Agreed, but they may be left with no choice

  • grumpy oul man

    SF is not guaranteed to be the largest party.
    The nationlist vote has been declining for several elections, not because their are less nationalists but because nationalism is not impressed with SF.
    THE SDLP has a fair bit to go before it has any chance of becoming a serious contender in politics.
    PB4P showed in west Belfast how soft the sand SFs support is built on.
    Play this RHI thing wrong and they will suffer as much as the DUP maybe more since nationlists are not as easy to play the themmuns card on as DUP supporters have proved themselves to be.

  • Anthony O’Shea

    I agree, but it is a possibility depending on how all this shakes down. PBP have put a dint in SF for sure and a permanent one at that. Will the dint get bigger? Its unsure for now.

  • Brian Walker

    Strong on metaphors and cynicism there, Mars

  • And speaking truths unto powers that be failing to energise systems for future great and good use, Brian.

  • BonaparteOCoonassa

    “You can hardly call your leader a liar – rightly or wrongly”

    If it is rightly – what is the problem. If my leader was a liar I would want to call them out on it. It’s a slippery slope, leading eventually, if things go badly, to Trumpism (or Clintonism, or Blairism, to be bi-partisan)..

  • BonaparteOCoonassa

    As an outsider, can someone tell me who these ‘mmuns’ are?

  • grumpy oul man

    Yes themmuns are the other side. As in themmuns get everything and we get nothing,
    or themmuns started it!
    Each side shows this mindset themmuns are always to blame for everything even the things what we done themmuns made us do it.
    Its a crude playing of the secterian card used at elections or in time of doffuculty you rally the troops by pointing at themmuns and shout “they done it.

  • grumpy oul man

    Pb4p may not be the only dent. The right is a possible threat to parts of SFs support base.

  • larry hughes

    The DUP took Stormont back to the one party state era with the help of the speaker and SF permitted it to do so. There’s a serious need and desire for an election but will the MLA self servers give a hoot? If not it will only fester on until they have no choice, like FF in the south after the train wreck, they got a severe clear-out.

  • Anthony O’Shea

    All new parties and independents pose an electoral threat to established parties. And long may it continue. There are far too many hysterics over political fortunes. Most things in life swing from highs to lows and so it goes. The important thing is that as many people as possible get involved.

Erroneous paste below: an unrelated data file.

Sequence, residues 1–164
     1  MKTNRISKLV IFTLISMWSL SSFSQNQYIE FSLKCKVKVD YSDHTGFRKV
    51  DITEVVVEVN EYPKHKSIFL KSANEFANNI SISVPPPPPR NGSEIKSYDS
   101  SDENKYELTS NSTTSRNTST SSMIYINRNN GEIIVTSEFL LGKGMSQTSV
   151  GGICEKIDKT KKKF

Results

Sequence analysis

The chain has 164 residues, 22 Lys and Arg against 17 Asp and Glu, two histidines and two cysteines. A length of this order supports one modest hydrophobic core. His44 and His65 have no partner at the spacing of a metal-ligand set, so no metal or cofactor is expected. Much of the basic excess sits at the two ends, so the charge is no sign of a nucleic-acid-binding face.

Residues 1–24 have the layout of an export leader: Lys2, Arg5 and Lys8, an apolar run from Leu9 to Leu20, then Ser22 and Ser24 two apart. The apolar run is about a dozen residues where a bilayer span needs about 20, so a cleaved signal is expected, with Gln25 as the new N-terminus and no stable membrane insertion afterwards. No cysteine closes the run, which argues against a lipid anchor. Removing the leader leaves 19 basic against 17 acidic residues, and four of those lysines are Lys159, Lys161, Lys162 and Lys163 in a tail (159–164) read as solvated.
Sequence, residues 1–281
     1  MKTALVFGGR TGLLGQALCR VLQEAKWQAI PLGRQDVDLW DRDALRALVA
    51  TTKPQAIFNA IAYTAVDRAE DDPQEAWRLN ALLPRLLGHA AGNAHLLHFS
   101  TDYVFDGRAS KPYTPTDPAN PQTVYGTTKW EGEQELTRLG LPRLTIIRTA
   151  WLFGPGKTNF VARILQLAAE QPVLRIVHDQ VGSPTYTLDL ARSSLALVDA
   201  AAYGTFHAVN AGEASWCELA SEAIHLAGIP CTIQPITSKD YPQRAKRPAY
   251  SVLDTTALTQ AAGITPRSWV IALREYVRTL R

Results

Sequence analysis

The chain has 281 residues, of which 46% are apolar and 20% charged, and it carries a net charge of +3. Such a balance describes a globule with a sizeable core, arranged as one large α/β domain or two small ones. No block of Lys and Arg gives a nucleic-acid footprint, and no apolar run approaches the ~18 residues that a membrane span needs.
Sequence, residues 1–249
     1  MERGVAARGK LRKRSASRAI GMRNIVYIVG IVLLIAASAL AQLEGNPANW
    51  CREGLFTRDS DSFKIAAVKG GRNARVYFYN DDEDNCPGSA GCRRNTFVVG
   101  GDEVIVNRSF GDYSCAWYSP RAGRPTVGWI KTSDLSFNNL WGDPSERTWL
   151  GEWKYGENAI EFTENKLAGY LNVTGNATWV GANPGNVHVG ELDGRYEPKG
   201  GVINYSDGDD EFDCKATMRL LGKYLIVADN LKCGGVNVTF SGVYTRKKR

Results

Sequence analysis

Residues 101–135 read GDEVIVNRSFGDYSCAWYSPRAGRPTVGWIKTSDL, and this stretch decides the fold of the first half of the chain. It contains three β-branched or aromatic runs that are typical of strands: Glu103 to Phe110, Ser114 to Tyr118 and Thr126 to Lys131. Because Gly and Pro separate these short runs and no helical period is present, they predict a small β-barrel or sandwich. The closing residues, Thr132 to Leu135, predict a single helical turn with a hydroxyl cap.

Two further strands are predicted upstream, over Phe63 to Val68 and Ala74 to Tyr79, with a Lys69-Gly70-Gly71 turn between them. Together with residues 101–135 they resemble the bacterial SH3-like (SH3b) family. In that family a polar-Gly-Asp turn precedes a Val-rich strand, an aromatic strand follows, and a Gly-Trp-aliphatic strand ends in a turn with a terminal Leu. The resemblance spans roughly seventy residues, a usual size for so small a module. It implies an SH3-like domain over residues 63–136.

• AntrimGael

    I think it will. There is serious discontent within the Nationalist/Republican community at not only Sinn Fein’s abysmal performance at Stormont but particularly their weak deference and embarrassing toadying up to the DUP. Brexit has also dented confidence in the political institutions as the thought of Nationalism being imprisoned in a perpetual Unionist/right wing Tory nightmare for decades to come is causing a LOT of unease and anger. Sinn Fein are doing NOTHING to allay these fears and seem more preoccupied with cementing their own comfortable and well paid position within Stormont.

  • Anthony O’Shea

    A point well made. However, to what extent do people feel as you describe and how widespread might it be? We wont know the answer to that until after the next election. This gives SF an opportunity to unravel such possible disharmony, if they are so minded.

  • AntrimGael

    Any anger that was within the Northern Nationalist community has now turned to complete apathy and total disillusionment. After the GFA people believed that politics might work and they should give the institutions a chance, and they have, but now there is a widespread belief within many Nationalists the Northern state is completely unworkable.
    Sectarianism and anti-Catholicism are still major driving forces within Unionism and there is no acceptance or tolerance for an Irish identity or culture. It’s also things like the DUP war on the Irish language and multi millions being pumped into the Titanic quarter, the Nomadic, HMS Caroline etc which are ALL unionist pfojects while the Nationalist community look on and go unrecognised and acknowledged
    Virtually everyone I have spoke to within the Republican/Nationalist community over the past few weeks have expressed the same opinion. Stormont is just rotten and Sinn Fein are now part of the Establishment.

  • Anthony O’Shea

    Sounds pretty bleak up there. Its more likely however that SF are trying to keep the show on the road and not rock the boat too much, and loyalists often complain that they feel similarly left behind with a descriptive not unlike yours above. Apathy can also be a sign of a happy settled community unmoved and or functionally unaware of boring old politics. Those who do vote seem to opt for SF in large numbers and the unhappy republican and nationalist heartlands seem very unwilling to throw up a new anti establishment republican party who can adress the issues you have listed. January will be interesting nevertheless.

  • AntrimGael

    People Before Profit topped the poll in West Belfast at the last Assembly election and that is really unheard of in a Sinn Fein ‘heartland’. This shows that given an alternative the Republican/Nationalist community ARE prepared to think outside the sectarian box and vote for people and parties who are not self serving or self seeking. Believe me the Nationalist electorate IS functionally aware of politics up here and are deeply uneasy as the GFA is picked apart by Unionists and the British government particularly since Brexit.

  • Anthony O’Shea

    Quite, but its not unusual for a new party to sweep in and cause a stir. Sinn Fein have done that themselves in countless constituencies in the South. In fact its alost unheard of in western politics for one party to have upwards of 70% of the vote in any one constituency. The Shinners are under pressure for sure but its unlikely to wipe them out.

  • grumpy oul man

    Well said.